The Stegeman Coliseum crowd gasped before letting out a loud roar.
Junior Sydney Snead was only a few moments removed from a spectacular floor exercise in Friday night's 196.950-196.125 loss to Florida, in what was as flawless of a routine she has put together all season. Everyone observing knew she was going to score high for her performance.
"Honestly, I knew my tumbling was good," Snead said. "The crowd was so into it. It definitely helped me out. Everyone had done well in front of me. I was hoping maybe it was a 9.9, or maybe it was a good score."
But when the crowd went wild, Snead looked up and saw the judges' score. It was a Perfect 10.
"I had no idea it was going to be a 10," Snead said. "It was definitely a shock."
Snead recorded Georgia's third Perfect 10 since 2010, which was the first season the GymDogs no longer had former head coach Suzanne Yoculan Leebern leading the way. Brittany Rogers recorded a 10 on vault in 2016 and Grace Taylor scored a 10 on beam in 2010. While the Perfect 10s haven't come with regularity this decade, the GymDogs have posted plenty of 10s throughout their history.
Head coach Courtney Kupets Carter scored seven Perfect 10s when she was a senior at Georgia in 2009. Having experienced that feeling before, Kupets Carter made sure to embrace the moment Snead achieved.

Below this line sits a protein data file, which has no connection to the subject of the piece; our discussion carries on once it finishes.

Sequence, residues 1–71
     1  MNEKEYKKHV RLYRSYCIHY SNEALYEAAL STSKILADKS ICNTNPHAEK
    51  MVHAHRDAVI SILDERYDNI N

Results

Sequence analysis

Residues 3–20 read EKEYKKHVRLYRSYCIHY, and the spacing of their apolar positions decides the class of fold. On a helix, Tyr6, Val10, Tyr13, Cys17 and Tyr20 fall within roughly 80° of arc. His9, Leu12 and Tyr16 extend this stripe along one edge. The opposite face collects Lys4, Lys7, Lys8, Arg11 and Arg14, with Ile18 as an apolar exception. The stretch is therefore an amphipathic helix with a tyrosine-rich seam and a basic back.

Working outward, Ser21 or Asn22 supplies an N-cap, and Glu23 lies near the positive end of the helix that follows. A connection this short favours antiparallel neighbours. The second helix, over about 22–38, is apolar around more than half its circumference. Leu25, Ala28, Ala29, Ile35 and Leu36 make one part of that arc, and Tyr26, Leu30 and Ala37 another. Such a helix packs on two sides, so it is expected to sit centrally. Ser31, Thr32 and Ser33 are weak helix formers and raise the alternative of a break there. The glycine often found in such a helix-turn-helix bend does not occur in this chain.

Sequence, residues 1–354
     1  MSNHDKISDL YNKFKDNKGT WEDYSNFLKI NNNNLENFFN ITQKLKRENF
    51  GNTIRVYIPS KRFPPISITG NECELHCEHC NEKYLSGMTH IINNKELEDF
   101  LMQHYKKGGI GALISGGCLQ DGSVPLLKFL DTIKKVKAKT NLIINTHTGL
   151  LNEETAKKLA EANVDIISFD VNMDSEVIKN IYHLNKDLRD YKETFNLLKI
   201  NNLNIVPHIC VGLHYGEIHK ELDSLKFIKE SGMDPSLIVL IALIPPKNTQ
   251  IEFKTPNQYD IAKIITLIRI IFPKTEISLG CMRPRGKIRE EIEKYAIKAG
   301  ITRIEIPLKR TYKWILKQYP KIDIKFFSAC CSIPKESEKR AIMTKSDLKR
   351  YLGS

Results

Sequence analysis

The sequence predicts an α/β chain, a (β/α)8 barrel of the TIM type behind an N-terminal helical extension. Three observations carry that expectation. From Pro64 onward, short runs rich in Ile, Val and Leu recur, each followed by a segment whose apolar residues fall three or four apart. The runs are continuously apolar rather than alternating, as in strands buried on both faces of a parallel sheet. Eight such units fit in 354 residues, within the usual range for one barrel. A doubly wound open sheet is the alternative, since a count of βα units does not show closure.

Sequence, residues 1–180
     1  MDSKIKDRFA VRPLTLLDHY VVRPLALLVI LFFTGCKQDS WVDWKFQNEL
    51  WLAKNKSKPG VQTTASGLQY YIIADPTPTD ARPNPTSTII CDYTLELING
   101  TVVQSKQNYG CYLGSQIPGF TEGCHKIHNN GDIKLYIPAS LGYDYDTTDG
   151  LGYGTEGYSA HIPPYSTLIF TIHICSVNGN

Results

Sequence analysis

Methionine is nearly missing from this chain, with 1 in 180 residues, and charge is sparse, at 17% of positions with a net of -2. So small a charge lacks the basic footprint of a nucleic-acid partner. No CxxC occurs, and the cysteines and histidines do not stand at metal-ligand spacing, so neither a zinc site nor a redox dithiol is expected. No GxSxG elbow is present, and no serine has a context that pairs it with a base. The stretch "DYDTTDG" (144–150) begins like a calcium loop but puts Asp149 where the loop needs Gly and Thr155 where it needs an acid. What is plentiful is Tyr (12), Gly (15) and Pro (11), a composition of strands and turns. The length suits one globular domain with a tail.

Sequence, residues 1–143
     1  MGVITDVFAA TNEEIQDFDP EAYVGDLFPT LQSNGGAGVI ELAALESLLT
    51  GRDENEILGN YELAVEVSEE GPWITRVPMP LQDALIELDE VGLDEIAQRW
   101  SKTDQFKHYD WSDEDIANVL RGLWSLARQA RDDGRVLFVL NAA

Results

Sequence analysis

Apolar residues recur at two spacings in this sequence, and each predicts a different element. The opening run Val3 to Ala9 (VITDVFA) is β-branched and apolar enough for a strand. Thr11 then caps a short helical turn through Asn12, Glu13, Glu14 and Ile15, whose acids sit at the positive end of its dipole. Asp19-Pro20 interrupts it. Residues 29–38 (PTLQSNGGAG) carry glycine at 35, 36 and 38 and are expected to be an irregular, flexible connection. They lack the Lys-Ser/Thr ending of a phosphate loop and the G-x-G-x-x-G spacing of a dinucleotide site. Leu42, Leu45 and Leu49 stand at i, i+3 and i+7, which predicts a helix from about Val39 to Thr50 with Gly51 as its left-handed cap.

"I just hugged her. I was completely ecstatic," Kupets Carter said. "When an athlete gets a 10, and you know it was a 10, and you can understand they landed every landing, and you can see it in her face. Her expression showed it all that she was so excited about her routine."
Said Snead: "To be able to share that with her was amazing. I couldn't have pictured it any other way, honestly. It was just a really, really fun experience."
Snead posted Georgia's 158th ever Perfect 10, which is by far the most in NCAA gymnastics history. UCLA has the second most Perfect 10s with 118. Snead posted the 14th Perfect 10 nationally this season. Oklahoma and UCLA are both tied for the most this year with four apiece.
Before it was her turn on floor, Kupets Carter wanted Snead to know to assert more aggression. Snead listened and attacked her routine with the right kind of confidence to score big.
"I think they try to be too perfect sometimes," Kupets Carter said. "For her, it was telling her to be aggressive before she gets out there. Her chest was up after that first pass. And the whip double tuck was absolutely beautiful. She did that to a T, as she got a 10, so everything was. The middle pass has been consistent for her, that hasn't been an issue. Her leaps are something where she tends to sometimes to one lower leg. Again, she just really was able to work through her dance and wanted that performance."
Snead's floor routine breathed some life into the team after scoring 49.050 on vault and 48.475 on bars. Florida capitalized and built a cushion that, even with some late stumbles on beam, Georgia was unable to rally from. But Snead helped lead Georgia to a 49.500 on floor with a perfect routine that will certainly be remembered in GymDogs history.
"That's just exciting, especially to be able to do that at home in front of our fans and our crowd," Snead said. "It was an unbelievable experience."